But mechanics-wise, digging through the guts of almost 75,000 words that I hadn’t really looked at in more than a year was daunting. Aside from forgetting what I’d written, even managing the files could pose a challenge – old chapters, new chapters..and what the heck happened to that description I wrote for what’s-his-name?
For me, Scrivener came to the rescue. I’d started the project in Scrivener and my files were there, just as I’d left them, ready to be broken down and remolded into a readable and hopefully (!!) entertaining story.
For those who haven’t heard of it, Scrivener is a writing application that builds all sorts of gadgets into its functionality intended to help writing productivity. It will format the pages for a novel, a screenplay....and I forget what else. It has sample templates for settings and character descriptions. And those are just the basics.
Even though I only use about a quarter of its functionality, I find what I do use so helpful in keeping my easily scattered brain (somewhat) in focus.
Here are a few of my favorite features. (Scrivener users out there, feel free to correct me if I’m getting any of this wrong!)
I write sequentially. I’m not one of those brainy plotter-types who can write the ending, then the beginning, or random sections in the middle and make them all work together. I have to advance the story in my head in the actual order it takes place.
Scrivener opens up to a view of your project with the files running down the left and the main work section on the right. (It’s probably customizeable but I haven’t tried it.) While I’m working, I have a snapshot view of the other chapters/sections in the order that I want them.
|Basic view when I open the app.|
Even better, there is a “move” feature that allows me to reorder the files with couple simple clicks; the list’s view isn’t dependent on a file name or date or other file properties. To stop working on one file and move to another, again, it’s just a simple click, either from the left-hand list or a couple buttons on the top that let you move forward and back.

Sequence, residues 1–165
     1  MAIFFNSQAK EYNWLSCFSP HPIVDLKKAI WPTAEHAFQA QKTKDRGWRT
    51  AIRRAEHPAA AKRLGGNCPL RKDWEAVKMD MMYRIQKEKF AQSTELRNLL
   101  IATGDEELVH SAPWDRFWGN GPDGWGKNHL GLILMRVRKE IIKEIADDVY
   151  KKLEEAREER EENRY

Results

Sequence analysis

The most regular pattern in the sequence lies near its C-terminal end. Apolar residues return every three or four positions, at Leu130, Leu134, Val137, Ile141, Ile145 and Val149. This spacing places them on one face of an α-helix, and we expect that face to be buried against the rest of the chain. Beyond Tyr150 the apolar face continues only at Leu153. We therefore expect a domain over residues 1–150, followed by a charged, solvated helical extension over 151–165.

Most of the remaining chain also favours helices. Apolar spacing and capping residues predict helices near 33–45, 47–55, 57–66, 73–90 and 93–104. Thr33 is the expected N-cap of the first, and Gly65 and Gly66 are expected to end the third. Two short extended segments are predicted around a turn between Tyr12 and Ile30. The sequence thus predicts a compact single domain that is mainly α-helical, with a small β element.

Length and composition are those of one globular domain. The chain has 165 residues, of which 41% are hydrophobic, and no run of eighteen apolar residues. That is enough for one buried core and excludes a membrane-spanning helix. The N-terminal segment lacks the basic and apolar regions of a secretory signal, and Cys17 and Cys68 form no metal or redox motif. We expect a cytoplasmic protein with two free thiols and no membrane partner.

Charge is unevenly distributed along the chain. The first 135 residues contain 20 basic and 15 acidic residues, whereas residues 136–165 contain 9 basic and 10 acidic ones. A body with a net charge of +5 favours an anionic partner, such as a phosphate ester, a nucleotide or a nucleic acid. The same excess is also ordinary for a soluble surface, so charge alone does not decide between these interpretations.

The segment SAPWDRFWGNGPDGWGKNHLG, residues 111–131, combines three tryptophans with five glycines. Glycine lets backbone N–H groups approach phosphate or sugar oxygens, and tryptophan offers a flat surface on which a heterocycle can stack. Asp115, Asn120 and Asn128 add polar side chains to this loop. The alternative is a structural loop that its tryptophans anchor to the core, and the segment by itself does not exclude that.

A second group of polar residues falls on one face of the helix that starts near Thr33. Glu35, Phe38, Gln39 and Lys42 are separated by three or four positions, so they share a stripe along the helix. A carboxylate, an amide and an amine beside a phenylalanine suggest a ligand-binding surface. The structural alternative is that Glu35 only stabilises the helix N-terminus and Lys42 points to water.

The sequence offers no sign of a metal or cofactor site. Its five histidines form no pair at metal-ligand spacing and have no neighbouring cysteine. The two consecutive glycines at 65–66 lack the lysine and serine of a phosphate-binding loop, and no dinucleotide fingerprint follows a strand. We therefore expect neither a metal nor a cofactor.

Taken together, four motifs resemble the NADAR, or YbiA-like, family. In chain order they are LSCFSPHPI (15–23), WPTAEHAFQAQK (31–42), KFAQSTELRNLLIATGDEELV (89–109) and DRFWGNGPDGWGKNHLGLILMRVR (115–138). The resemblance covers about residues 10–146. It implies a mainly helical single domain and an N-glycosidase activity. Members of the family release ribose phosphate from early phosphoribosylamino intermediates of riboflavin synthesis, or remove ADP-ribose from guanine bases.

|Side-by-side view of file list before and after moving my "Sunday" file.|
Notes and Outlines
I tend to keep my stories in my head while I write. (Um...yeah...that’s how I end up going of track.) I find reading through paper notes annoying. But with Scrivener, I can create a cork board (bulletin board) for each chapter as an easy reference for whatever detail/information I think I might need. It could be a general plot point, character information or scene goals. It’s like a handy-dandy index card. (Mostly I put the basic scene outline, but you can put notes in there, reminders–whatever you want.)
I can even split the screen so I can see the corkboard while I’m working on the scene. I can also split between two text files to copy/paste from one to the other.
Or I can view an image or website I’ve saved for reference.
|This is from a website; the link is displayed at the bottom.|
I have all sorts of things stored in my "Research" folder.
And if I mess up and do the unthinkable–like inadvertently write over something I needed–Scrivener runs backups on the files so I can always retrieve an older version. When I’m done, I can “compile” the Scrivener file into another format (or simply copy/paste into the other application). I then email it to plot-master hubby and myself so it’s somewhere other than in my computer.
There are tons of other intriguing-sounding features that I learned about when I took the tutorial a few years ago but have NO CLUE how to use now. I think I’ll do myself a favor and retake that tutorial.
I’d love to hear from other Scrivener users on your favorite features. Or those who use other apps or tools, what do you find most useful?
If you haven’t tried Scrivener but would like to learn more, go here. There’s a free trial, and the full program is a pretty cheap (by software standards) $40. I believe it’s available for both Windows, Mac and iOS. (And no, I don't work for them. I just love their software.) :-)
Whatever you use, happy writing!
Kindle. Read more at leahstjames.com or visit her on Facebook where she mostly hangs out online. She loves chatting with readers and other authors!